Securing Walled Gardens

René Pfeiffer/ May 31, 2012/ Discussion, Security

Setting up walled gardens around fancy mobile devices (and probably other computers) is very fashionable among vendors. In theory there is a controlled environment where malicious software is virtually unknown. The vendor can implement a strict quality assurance and can tether any aberrant developers to policies. Since a wall is a fundamental security device the vendor gets the psychological bonus of users feeling protected. So with all security issues solved there is no need to break out of the walled garden, right? How do you explain this tweet about the newly released Absinthe jailbreak then?

@chronicdevteam: Some stats since release of #Absinthe – 211,401 jailbroken iPad3’s and 973,086 devices newly jailbroken!

If walled gardens are so perfect, why do millions of users want to break out? Paul Ducklin has explored this phenomenon in an article at the Naked Security blog. Anti-virus software vendors can tell war stories about their battle with Apple. Kaspersky is frustrated, and quoting Mr Ducklin’s article shows where the focus of a particular walled garden seems to be:

So, although you can buy The World’s Most Popular Digital Fart Machine directly from Apple’s website, you can’t even build, let alone distribute, a proper, preventative anti-virus solution for your Phone or your iPad.

Anti-virus software is just an example for a whole variety of security code that could be useful for iOS devices. Some vendors argue that a jailbroken device is less secure than a walled one. In the case of iOS this is not exactly true since the developers of the jailbreaks provide security patches that Apple does not provide any more. It doesn’t stop at the iOS construct. Android has the same walled garden properties, although you have the option to install software from outside Google’s „Play Store“ (mind the name of the shop). Android has even been ported to C#, so there are ways to customise it. There are still constraints from the hardware vendors and mobile network providers who compile a set of applications that are pre-installed on your device. Some of these applications cannot be removed, no matter if you use them or not. Again jailbreaking is the only way around this constraint.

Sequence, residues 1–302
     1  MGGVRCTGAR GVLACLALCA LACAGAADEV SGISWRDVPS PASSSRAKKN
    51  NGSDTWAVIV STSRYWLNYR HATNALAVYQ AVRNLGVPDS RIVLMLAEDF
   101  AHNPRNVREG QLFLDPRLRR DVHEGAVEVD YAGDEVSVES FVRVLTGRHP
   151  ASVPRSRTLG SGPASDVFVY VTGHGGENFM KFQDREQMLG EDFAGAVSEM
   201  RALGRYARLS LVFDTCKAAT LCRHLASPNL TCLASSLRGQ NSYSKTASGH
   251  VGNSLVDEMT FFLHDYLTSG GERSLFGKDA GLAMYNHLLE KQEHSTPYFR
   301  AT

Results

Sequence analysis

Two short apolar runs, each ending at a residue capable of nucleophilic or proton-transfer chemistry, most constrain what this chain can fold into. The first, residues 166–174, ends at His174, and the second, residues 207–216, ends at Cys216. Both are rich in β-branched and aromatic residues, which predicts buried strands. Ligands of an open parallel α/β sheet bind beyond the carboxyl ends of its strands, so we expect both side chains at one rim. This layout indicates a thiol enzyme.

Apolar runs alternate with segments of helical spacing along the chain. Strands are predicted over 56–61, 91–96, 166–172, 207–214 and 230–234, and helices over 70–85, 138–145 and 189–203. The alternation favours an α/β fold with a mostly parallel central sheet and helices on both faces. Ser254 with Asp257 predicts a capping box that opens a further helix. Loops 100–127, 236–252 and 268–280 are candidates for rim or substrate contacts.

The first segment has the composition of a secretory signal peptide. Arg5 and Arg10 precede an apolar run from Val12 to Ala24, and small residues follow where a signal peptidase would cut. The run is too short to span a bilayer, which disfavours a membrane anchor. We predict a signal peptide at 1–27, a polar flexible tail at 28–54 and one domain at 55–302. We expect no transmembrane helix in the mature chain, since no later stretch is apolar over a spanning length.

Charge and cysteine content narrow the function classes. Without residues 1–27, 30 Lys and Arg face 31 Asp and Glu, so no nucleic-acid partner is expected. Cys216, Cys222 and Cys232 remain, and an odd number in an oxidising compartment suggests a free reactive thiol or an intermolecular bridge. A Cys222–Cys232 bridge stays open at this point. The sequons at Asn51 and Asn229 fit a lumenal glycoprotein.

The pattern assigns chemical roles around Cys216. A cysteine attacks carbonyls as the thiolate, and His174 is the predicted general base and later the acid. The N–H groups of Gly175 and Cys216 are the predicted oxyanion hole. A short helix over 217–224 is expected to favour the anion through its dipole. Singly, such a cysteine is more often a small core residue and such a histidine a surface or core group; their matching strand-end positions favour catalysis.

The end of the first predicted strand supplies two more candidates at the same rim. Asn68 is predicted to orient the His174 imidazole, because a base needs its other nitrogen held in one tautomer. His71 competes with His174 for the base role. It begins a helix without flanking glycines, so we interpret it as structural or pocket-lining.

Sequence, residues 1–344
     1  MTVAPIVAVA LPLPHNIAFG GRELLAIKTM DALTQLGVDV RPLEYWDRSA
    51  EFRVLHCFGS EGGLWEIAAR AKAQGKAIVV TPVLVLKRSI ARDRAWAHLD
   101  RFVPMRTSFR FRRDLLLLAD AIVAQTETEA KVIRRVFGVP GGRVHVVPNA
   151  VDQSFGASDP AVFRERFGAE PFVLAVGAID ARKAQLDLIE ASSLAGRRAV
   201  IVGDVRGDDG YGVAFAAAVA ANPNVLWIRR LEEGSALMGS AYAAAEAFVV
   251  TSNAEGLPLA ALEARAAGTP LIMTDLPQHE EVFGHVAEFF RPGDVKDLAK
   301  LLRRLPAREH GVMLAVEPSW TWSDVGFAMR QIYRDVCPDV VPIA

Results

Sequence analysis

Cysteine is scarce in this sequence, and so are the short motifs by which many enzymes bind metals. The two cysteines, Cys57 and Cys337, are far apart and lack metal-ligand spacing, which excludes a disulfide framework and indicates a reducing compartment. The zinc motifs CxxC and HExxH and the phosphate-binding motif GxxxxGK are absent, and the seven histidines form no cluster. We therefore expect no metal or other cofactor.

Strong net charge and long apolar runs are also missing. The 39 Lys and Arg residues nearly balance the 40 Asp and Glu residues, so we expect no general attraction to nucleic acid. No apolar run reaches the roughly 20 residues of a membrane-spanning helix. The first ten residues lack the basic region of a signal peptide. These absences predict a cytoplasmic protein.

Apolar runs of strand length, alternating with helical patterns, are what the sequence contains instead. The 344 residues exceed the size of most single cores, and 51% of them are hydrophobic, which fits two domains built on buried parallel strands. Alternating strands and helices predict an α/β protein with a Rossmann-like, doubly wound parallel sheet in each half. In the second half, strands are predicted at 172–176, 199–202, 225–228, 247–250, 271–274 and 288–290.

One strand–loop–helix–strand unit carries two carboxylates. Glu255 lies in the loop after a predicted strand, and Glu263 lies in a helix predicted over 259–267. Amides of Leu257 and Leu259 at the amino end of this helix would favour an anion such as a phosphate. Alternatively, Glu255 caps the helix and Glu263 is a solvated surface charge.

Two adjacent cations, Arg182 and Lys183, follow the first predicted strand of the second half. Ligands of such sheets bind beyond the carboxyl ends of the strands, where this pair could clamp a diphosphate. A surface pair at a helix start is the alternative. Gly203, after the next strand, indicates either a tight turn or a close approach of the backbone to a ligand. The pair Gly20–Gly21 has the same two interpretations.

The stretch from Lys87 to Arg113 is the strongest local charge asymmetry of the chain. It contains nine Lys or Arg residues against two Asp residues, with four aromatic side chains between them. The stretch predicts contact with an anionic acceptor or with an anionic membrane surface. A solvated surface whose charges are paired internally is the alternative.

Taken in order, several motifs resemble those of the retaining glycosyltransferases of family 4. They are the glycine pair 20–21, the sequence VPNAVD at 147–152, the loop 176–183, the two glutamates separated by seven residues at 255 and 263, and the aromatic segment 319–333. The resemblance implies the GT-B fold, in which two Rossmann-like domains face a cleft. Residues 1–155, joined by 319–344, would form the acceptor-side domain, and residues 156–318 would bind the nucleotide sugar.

Let’s get back to the BYOD issue we already explored with articles in this blog. We think that the capability of jailbreaking a device is an important feature for BYOD. When it comes to desktop computers or laptops few companies run the operating system pre-installed by the hardware vendor. You always install customised application sets and have to add the in-house configurations. You add security software, VPN configurations (ever tried to add VPN configs to entertainment devices?) and all the things you need to add this device to your infrastructure. Why should you be unable to do this on the BYOD systems? There is no compelling reason to be stopped by a vendor wall. Keep in mind that a Walled Garden will be always outside your influence and thus outside your infrastructure. Your devices must obey your security policy and not vice versa.

Of course, you can always implement your security policy by installing fart apps or your favourite social networking app. We recommend against it.

Cracked a Walled Garden lately? Planning to assault the beaches of vendor devices? If so, think about submitting a presentation or even a jailbreaking workshop for DeepSec 2012!

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About René Pfeiffer

System administrator, lecturer, hacker, security consultant, technical writer and DeepSec organisation team member. Has done some particle physics, too. Prefers encrypted messages for the sake of admiring the mathematical algorithms at work.